Tuesday, February 15, 2011

Northern Pass and Health Effects (1)

This is a multi-part series on Northern Pass and health effects written by Campbell McLaren, MD, FACEP. Dr. McLaren is an emergency physician at Littleton Regional Hospital

Part 1. High Voltage Alternating Current (HVAC)

 For several decades much research has been directed at the health hazards of HVAC power lines.
     It was not until 1992 that an adequately funded program was authorized by the U.S. Congress. The Electromagnetic Frequency Research and Public Information Disseminating System (EMF RAPID) was directed and managed by the National Institute of Environmental Health Studies (NIEHS), the National Institute of Health (NIH), and the Department of Energy (DOE). Their brief was to clarify the potential for health risks from extremely low frequency electric and magnetic fields.
     The end result was that the strongest evidence for health risk was for childhood leukemia, and chronic lymphocytic leukemia in exposed adults.
   The RAPID Program recommended that the power industry site power lines to reduce human exposure. The International Agency for Research in Cancer (IARC), in 2002, classified extra-low frequency electro-magnetic fields (ELF/EMF) as possibly carcinogenic to humans. That statement was based on pooled studies demonstrating a consistent pattern of a two-fold increase of leukemia in children exposed to magnetic fields above 3-4 milligauss (a measurement of magnetic activity). Italy defines as harmful exposure to more than 3-4 milligauss for more than four hours a day.
     Children have a higher rate of cell division and have developing immune systems and are therefore at greater risk of harm from EMF fields.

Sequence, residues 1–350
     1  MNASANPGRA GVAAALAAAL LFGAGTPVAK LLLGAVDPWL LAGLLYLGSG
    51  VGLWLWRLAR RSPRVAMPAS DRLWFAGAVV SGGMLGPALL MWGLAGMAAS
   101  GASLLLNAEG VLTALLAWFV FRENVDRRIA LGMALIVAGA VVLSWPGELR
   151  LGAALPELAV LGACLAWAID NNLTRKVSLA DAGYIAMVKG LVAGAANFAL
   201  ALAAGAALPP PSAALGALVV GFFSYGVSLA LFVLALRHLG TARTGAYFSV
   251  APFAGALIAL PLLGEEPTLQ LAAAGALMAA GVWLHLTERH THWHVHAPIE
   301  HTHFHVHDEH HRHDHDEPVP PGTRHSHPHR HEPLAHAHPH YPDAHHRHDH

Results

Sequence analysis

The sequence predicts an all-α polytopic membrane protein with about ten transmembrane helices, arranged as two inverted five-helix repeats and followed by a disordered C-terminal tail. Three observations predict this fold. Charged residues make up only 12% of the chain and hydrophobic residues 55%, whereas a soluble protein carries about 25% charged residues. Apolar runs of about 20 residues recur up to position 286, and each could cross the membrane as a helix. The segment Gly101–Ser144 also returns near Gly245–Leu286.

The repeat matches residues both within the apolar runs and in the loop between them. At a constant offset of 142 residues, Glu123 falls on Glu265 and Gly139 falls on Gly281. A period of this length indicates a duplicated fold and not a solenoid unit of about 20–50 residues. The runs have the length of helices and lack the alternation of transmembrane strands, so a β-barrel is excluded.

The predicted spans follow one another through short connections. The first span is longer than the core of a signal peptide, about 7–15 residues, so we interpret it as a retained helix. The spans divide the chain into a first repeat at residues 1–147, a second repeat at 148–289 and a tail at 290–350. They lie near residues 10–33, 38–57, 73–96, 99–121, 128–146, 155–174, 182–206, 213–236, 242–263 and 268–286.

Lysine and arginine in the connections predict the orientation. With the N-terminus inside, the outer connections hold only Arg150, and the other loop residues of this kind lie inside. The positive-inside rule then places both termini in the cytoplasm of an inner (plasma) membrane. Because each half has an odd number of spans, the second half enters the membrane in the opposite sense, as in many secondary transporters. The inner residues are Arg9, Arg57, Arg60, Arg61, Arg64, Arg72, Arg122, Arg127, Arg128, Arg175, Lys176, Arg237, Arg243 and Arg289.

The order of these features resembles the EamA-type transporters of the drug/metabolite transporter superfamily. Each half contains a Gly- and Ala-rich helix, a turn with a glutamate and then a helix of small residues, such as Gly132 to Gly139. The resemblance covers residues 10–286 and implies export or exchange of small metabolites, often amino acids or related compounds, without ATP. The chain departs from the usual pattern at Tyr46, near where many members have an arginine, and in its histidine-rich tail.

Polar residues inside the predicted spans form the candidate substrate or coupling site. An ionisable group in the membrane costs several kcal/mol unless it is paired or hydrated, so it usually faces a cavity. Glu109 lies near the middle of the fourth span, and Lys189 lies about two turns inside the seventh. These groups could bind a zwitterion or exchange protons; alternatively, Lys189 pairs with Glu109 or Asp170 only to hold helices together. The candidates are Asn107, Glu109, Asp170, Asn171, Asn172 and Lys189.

The American College of Pediatrics recognizes this danger to the pediatric population.


     Causation has not been proved, but numerous studies have shown an association and an increased statistical significance of the development of childhood leukemia in those children living in an environment of more than 3-4 milligauss.
     The magnetic field from a heavily loaded transmission line will fall off to less than 3 milligauss about 500' from the lines.
     Because of the lack of strong scientific evidence, many countries and states have adopted the Precautionary Principle* and/or Prudent Avoidance Policy*.
     Spain, Sweden, UK, and Australia  now prohibit the construction of high-voltage power lines withing 300' of homes or schools.
     Connecticut recommends burial of lines near schools.
     There are many other examples of adoption of the precautionary principle and prudent avoidance policy.
     The above studies and health risk evaluations were based on studies of high-voltage AC lines.

       *PRECAUTIONARY PRINCIPLE: Avoidance of unnecessary exposure to power-lines as long as there is scientific suspicion about their harmful side-effects. The precautionary principle states that if an action or policy has a suspected risk of causing harm to the public or the environment; in the absence of scientific consensus that the action or policy is harmful, the burden of proof that it is not harmful falls on those taking the action.
       *PRUDENT ACTION/AVOIDANCE: Whereby even without any demonstrable risk. the most achievable low-cost measure will be taken to reduce EMF exposure.

Coming next in Part 2--what happens when HVDC lines are added to ROWs with existing HVAC lines?